I suppose we should have seen this coming.
Derrick Rose likes having a rule in the new NBA collective bargaining agreement named after him (one that allows players in their first four years who have been named MVP or made a couple All-NBA teams to get paid more than others in the same draft). He also probably will like the extra $3 million a year it brings him.
Rose was back at his old high school gym in Chicago — Simeon Career Academy — working out and getting ready for the season, when Aggrey Sam of CSNChicago.com caught up with him for an exclusive interview. Having a rule named after him was just part of the conversation (but the part you can see in the video above).
Rose was working on his jumper (which he needs) and his post-up game (we’ll see how much that gets used) as he prepares for a Christmas Day opening game against Kobe Bryant and the Lakers. While there are concerns in some quarters about the level of play after the lockout, Rose doesn’t see it that way.
“I think it should be fine, knowing that since the lockout, the people in the league have really good mentors telling them to keep working out, people that’s behind them, people that’s with their team, always keeping them in shape–and I think that people should knock off the rust within a couple of games and we’ll be back at it,” said Rose, who wore an as-of-yet unreleased pair of his sneakers. “‘Booz’ (Carlos Boozer) is coming back in a couple of days, ‘Jo’ (Joakim Noah) is coming back from Hawaii, I think Luol (Deng) just came from Africa.
Rose’s workout was pretty fierce, Sam said of what he saw. And his attitude has to warm the hearts of Bulls fans.
“I take it very serious, very personal. That’s one thing I’m scared of, is failure, so I’m just trying to stay away from it.”
Players on their rookie deals remain one of the great values to owners — they get players who often can contribute a lot but at a fraction of the salary of a veteran who does the same thing. Those rookie deals remain untouched in the new collective bargaining agreement.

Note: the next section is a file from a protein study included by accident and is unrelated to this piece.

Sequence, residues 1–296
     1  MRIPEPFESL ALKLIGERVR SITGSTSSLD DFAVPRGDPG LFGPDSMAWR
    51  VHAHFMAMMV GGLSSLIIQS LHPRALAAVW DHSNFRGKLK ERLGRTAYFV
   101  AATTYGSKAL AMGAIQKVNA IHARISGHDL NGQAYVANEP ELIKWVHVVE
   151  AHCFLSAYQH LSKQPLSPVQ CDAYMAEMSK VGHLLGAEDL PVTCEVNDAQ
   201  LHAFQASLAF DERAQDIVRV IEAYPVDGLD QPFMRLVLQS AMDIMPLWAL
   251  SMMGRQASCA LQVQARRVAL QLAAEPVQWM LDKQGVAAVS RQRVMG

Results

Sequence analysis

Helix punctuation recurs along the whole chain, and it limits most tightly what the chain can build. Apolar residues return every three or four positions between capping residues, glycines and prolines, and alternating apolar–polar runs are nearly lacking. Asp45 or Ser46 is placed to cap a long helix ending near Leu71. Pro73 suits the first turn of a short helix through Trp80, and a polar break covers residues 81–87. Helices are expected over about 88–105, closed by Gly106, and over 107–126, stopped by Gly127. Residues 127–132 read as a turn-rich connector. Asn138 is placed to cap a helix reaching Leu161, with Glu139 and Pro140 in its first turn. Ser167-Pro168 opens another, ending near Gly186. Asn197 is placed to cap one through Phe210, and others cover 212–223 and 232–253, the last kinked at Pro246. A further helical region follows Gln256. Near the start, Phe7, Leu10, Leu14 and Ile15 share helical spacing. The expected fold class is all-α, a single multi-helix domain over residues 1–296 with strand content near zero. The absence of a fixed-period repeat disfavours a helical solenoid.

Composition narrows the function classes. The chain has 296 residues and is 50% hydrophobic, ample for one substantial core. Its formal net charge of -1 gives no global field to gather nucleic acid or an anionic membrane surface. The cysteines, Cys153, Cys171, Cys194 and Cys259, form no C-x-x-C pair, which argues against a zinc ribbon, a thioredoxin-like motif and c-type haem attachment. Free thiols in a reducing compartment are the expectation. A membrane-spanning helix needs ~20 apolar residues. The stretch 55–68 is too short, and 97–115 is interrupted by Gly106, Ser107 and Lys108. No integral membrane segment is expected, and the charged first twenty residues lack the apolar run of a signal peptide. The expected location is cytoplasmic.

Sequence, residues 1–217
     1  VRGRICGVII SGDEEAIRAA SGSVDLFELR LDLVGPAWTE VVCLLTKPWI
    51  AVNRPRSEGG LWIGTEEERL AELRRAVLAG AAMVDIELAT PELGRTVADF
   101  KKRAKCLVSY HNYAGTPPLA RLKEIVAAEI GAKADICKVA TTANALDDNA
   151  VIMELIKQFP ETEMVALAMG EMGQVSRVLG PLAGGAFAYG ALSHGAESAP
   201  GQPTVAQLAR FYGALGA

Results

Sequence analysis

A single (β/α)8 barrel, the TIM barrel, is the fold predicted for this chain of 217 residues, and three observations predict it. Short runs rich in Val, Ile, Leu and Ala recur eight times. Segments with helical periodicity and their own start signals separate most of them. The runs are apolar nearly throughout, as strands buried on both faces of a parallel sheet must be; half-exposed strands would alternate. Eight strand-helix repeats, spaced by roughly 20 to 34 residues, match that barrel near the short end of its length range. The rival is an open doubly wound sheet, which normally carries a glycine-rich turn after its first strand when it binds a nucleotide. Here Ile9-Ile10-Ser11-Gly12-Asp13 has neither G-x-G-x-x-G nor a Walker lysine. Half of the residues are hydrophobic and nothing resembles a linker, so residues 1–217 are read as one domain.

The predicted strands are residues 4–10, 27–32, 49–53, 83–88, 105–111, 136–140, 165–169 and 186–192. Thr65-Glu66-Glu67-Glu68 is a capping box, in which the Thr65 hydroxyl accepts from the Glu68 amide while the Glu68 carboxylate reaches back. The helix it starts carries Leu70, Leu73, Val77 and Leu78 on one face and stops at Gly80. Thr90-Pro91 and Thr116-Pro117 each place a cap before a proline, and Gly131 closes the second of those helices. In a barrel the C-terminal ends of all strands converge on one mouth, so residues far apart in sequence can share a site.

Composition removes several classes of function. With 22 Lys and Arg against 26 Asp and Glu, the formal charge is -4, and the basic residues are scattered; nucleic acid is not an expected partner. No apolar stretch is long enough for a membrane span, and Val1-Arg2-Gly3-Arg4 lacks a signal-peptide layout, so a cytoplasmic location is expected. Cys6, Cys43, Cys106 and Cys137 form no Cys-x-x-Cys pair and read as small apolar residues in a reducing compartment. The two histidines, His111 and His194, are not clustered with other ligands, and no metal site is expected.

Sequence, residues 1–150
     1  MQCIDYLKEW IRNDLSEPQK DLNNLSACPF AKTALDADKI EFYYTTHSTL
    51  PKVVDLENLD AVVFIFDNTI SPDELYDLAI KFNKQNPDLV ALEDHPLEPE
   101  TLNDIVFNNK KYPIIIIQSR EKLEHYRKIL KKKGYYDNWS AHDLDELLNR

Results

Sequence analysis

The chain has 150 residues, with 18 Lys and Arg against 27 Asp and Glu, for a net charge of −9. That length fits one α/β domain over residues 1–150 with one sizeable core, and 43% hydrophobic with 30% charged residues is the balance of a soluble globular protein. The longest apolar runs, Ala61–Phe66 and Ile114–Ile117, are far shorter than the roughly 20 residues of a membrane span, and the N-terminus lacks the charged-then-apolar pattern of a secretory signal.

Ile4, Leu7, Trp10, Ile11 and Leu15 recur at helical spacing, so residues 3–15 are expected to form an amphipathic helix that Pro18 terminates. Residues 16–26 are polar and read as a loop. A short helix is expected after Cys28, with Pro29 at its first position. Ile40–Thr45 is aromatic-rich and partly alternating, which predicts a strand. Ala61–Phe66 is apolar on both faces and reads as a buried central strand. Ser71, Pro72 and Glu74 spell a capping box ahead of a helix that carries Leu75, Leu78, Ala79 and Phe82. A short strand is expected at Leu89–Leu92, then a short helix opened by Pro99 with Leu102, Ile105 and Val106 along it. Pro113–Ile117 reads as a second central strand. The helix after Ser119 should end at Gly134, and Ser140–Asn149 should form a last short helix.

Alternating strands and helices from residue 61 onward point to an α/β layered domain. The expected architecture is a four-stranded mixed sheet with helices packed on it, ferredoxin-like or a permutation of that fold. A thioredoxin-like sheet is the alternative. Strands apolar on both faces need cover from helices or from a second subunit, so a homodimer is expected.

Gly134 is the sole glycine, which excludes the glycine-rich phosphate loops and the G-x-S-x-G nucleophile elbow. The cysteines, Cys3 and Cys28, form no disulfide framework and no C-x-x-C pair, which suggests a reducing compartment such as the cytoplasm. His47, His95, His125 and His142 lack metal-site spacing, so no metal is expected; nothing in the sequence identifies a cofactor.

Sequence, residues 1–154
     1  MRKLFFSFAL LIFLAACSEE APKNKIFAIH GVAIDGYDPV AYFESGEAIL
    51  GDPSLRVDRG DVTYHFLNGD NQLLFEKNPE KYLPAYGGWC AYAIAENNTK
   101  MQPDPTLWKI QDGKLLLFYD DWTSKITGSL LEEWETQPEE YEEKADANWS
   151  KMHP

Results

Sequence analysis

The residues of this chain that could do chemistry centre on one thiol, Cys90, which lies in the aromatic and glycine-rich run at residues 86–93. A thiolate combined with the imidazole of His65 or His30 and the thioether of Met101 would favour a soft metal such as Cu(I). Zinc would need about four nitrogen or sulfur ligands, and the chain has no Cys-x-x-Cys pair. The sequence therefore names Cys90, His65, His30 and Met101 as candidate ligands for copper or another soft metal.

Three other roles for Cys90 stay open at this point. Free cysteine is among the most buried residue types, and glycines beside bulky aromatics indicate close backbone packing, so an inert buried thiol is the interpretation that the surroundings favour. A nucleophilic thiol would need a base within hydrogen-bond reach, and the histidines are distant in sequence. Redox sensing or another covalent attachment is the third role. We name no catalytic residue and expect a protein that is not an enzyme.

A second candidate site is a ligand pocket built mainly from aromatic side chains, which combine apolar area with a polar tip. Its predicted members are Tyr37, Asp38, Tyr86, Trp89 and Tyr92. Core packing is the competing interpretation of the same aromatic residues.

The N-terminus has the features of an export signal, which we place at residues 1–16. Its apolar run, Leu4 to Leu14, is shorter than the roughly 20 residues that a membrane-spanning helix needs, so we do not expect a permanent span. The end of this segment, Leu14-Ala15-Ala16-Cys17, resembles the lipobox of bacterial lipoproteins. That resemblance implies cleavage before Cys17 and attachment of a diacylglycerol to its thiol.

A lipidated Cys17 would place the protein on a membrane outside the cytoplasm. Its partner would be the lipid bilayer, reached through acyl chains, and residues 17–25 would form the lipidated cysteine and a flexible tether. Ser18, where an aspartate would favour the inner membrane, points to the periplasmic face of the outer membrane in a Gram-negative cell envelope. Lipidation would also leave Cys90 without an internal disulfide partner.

Except for one change — if you are an elite player you can make more in your second deal than your peers. And by “elite” we mean Derrick Rose.
Let us explain. Part of the new labor deal will allow rookies getting their second contract — which starts with their fifth season — to earn the new max of up to 30 percent of the salary cap (up from 25 percent). To qualify for the bump all they need to do is win an MVP award, get voted into the All-Star Game as a starter two times or twice in their first four seasons or get named to any level of the All-NBA teams in those four seasons, Tom Ziller points out at SBN.
The difference is about $3 million more a season.
To the joy of Jerry Reinsdorf, only Rose qualifies right now, Ziller reports.
However, if Russell Westbrook makes an All-NBA team this season he can as well (he will be offered a max extension by the Thunder on Dec. 9 and this super-max possibility will likely be written into the deal — which if he reaches it means he will make more than Kevin Durant). Kevin Love would need to win the MVP to qualify, Ziller says.
So, call this the Derrick Rose rule. But it is fair to pay guys who are franchise cornerstones a little more.